Super Smash Bros. Ultimate has been widely praised by critics and fans alike, but one game before it is often panned by fans: Super Smash Bros. Brawl. Brawl deserves more credit: it laid the groundwork for Ultimate’s success. 15 years after its release, I’m here to tell you why this reviled installment of one of the most successful game series of all time deserves more respect.

The Brawl-to-Sora pipeline is essential.

(Almost) everyone is here.

Super Smash Bros. series known for its epic character crossovers. And the eclectic cast just wouldn’t work if The Subspace Emissary brought them all together. A continuation of the melee adventure mode, The Subspace Emissary is filled with high-quality cutscenes that weave together an interesting story. It’s not easy to combine characters like Snake and Mario into a single world, but Brawl does it masterfully in this mode.

You’re always interested to see what happens next, and the story it tells is a true love letter to video game history. Subspace Emissary also introduced elements of a light role-playing game, with stickers you can put on each character, adding stat boosts. This laid the foundation for the Spirits system in Ultimate; you can’t run before you can walk, after all.

Super Smash Bros. Ultimate brought back some of the narrative-focused single-player and those nice elements of a light role-playing game, but it sorely lacked the storytelling of Brawl. Ultimate lacked a fun mix of beat-em-up and platformer in one game. Brawl used locations from Nintendo’s history to introduce challenging bosses like Pokémon’s Rayquaza and Super Mario Bros.’s Piranha Pete, climactic encounters sorely lacking in its sequel.

You might have forgotten that some of the most beloved items in the series also got their start in Super Smash Bros. Brawl. Without the game we wouldn’t have Final Smash or Assist Trophies. Despite being derided by the competitive community, these two items enhanced the casual gameplay of Brawl and helped make it a party hit that many remember fondly. Fighting for the final smash in a four-player match is always a rush, bringing chaos to even the most predictable match-up.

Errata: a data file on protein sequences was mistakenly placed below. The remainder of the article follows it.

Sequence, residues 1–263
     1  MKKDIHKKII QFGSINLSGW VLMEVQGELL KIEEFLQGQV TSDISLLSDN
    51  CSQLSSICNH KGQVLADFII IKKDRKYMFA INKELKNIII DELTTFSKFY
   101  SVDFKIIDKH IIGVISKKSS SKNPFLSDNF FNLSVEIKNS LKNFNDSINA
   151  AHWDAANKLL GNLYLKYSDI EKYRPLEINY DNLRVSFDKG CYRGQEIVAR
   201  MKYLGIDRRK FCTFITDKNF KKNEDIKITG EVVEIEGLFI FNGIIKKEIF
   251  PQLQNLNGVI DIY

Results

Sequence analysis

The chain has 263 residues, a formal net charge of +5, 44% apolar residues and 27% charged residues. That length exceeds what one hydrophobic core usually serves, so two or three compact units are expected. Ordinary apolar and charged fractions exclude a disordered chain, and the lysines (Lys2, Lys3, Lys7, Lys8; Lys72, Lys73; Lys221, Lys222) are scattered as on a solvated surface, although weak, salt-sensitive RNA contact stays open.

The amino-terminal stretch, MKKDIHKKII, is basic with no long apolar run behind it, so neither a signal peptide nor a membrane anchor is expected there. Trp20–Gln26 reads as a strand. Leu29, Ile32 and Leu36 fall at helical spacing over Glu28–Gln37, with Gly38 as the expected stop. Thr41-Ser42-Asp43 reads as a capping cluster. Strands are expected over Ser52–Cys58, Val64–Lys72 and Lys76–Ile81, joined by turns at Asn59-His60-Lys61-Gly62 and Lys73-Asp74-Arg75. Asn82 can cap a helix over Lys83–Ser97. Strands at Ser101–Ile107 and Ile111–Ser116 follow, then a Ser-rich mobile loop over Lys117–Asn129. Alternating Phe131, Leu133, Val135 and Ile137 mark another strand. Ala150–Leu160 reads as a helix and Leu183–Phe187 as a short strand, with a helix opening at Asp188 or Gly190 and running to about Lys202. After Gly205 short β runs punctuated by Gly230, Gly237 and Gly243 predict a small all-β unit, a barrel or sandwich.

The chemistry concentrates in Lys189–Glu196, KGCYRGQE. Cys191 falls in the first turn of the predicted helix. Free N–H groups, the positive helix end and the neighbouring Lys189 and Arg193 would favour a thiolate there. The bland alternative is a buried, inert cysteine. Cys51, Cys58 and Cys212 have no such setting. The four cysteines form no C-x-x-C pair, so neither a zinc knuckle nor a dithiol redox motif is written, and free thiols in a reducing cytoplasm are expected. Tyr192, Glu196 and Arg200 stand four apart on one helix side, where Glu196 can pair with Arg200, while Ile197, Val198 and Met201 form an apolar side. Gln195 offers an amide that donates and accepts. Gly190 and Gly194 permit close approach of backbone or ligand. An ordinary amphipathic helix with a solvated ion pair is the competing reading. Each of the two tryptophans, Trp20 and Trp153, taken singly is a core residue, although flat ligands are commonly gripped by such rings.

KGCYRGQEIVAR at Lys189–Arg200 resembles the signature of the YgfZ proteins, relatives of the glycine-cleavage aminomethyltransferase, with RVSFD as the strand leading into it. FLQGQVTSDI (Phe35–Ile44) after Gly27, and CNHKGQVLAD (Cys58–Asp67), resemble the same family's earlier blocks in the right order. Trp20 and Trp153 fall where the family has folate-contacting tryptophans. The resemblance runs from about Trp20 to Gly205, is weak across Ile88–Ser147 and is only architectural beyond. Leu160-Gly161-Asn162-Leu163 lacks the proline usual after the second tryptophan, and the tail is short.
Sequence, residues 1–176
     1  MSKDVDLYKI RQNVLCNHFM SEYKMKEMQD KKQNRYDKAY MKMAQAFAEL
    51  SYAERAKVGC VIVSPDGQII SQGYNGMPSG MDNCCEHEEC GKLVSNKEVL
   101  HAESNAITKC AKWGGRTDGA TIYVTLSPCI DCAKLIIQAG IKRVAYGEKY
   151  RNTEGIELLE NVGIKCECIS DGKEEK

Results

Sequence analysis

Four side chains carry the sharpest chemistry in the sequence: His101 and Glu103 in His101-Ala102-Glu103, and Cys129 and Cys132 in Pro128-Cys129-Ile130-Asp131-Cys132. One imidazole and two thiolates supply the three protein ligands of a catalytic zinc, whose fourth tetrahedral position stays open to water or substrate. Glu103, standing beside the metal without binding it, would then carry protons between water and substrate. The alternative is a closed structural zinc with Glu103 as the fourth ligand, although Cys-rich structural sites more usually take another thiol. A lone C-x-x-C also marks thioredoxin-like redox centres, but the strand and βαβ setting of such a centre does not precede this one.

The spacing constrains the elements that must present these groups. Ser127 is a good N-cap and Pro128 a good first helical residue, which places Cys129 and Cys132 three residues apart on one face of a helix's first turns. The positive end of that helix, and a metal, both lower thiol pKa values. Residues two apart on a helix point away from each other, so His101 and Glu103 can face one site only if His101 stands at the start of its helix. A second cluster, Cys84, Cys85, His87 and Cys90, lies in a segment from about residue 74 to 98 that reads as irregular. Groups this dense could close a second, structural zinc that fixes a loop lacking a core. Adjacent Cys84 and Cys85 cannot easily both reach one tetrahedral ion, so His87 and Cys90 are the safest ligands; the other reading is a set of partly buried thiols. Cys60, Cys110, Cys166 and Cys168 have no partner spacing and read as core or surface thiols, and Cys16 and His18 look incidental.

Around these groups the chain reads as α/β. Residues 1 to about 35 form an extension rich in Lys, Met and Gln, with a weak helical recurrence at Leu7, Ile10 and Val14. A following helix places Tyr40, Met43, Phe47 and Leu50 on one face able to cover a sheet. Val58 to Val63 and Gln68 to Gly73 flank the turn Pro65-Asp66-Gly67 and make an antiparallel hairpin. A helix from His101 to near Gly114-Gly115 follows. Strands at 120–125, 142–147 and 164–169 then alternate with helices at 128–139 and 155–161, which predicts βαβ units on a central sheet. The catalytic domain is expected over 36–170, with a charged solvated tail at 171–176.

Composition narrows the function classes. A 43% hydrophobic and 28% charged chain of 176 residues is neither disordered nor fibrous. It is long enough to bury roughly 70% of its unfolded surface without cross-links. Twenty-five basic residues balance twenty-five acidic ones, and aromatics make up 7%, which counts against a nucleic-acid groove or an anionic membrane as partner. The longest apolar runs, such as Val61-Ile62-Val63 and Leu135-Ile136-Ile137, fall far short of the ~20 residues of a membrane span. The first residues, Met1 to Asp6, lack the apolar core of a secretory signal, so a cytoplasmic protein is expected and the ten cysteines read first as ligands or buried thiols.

When you finally get the power inside the sphere, your character will unleash a powerful, satisfying attack that can leave the field wide open. For example, Mario fires a powerful fireball that covers the entire map, knocking his opponents back in an instant. As far as comeback mechanics go, it’s quite the hype.

Assist Trophies are also a staple of the Super Smash Bros. series. Similar to Pokéballs, they challenge a character to play, and the potential ally you get is always a lottery. This could be a hero or villains from a lesser known Nintendo series like Golden Sun’s Isaac and Saki Amamiya from Sin and Punishment. It also allows other favorite characters like Waluigi or Crystal to have their time in the sun as well.

Nothing can stop Mario when he throws the wobbler.

Brawl may be simple compared to the last version, but there are still some elements that were in the Wii game that its Wii U and Switch counterparts don’t have. You can create your own stages in Brawl, for example. Players created stages based on their favorite game series, or created levels based on tricks like having two platforms between a large gap of spikes.

Photo mode, it used to be cool.